The question no-one was asking

What he said.
Results ranged from 8,800 to 9,650 lb ft/degree. We think that’s about 2.5x the original value, currently looking for actual data.

The torsional stiffness value was traditionally considered an important measure of the car’s ability to maintain suspension geometry under cornering conditions. As most cars developed that to reasonable levels the focus shifted to expressing it as a frequency - the frequency the structure would freely vibrate at after hitting a bump. A higher value gives a better quality ride feel (less shakes) and more headroom for suspension tuning as the dampers, tyres & bushings can be selected or set to control the major up-down motion body on road swells, with less interference from shaky feel over rough surfaces.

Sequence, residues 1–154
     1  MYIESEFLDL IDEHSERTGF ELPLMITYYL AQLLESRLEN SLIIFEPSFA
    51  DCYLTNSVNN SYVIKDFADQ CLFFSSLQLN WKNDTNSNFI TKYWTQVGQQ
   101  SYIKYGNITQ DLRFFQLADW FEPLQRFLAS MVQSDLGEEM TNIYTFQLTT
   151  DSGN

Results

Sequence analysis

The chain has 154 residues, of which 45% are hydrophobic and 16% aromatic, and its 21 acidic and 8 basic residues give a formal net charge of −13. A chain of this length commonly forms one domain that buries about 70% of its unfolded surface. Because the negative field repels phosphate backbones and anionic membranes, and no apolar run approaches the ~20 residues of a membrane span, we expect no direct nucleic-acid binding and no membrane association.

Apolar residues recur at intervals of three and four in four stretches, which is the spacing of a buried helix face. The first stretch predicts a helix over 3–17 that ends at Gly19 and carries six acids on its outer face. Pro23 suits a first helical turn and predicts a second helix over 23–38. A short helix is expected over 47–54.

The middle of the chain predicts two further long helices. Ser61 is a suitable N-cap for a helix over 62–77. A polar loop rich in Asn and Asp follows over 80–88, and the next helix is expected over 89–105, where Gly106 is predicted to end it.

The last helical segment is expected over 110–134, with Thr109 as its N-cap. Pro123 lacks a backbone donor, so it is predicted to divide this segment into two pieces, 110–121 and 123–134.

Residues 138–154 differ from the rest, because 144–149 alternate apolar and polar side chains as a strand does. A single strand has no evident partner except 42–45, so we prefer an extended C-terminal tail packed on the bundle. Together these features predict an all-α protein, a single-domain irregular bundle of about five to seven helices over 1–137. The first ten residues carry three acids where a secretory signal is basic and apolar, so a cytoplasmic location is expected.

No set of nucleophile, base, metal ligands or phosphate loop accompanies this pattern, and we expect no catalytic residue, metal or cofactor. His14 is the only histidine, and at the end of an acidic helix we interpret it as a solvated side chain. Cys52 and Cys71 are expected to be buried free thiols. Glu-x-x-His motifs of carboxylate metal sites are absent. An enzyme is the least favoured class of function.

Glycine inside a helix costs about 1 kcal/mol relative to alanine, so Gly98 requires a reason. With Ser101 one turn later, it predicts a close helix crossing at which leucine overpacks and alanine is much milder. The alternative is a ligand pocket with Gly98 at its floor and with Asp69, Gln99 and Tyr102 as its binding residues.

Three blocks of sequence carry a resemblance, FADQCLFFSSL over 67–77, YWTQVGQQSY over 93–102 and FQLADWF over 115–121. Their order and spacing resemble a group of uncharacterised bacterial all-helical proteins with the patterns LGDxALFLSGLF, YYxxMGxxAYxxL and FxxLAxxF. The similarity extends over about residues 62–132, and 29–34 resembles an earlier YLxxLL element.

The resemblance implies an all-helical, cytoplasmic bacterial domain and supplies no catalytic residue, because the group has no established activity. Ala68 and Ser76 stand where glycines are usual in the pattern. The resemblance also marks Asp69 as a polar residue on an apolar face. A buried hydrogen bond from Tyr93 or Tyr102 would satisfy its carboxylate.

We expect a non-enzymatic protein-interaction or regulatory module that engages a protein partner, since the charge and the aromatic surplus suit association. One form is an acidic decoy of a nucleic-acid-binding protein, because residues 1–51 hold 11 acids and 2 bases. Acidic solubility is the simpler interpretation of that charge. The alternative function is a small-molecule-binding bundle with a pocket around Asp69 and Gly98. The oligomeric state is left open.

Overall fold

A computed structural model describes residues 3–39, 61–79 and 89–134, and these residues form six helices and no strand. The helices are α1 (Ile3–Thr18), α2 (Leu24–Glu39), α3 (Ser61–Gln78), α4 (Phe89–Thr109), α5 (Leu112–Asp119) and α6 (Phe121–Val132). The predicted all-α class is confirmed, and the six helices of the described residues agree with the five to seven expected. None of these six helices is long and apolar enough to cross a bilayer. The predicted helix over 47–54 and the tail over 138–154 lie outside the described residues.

The frequency calculation takes the weight of the car into account so gives a more realistic comparison of a large vs. small car than a basic stiffness value.
I’ll do that, but it’s a bit early in the day to be dealing with square roots.

(Was that schmancy enough, Paul? I have more)

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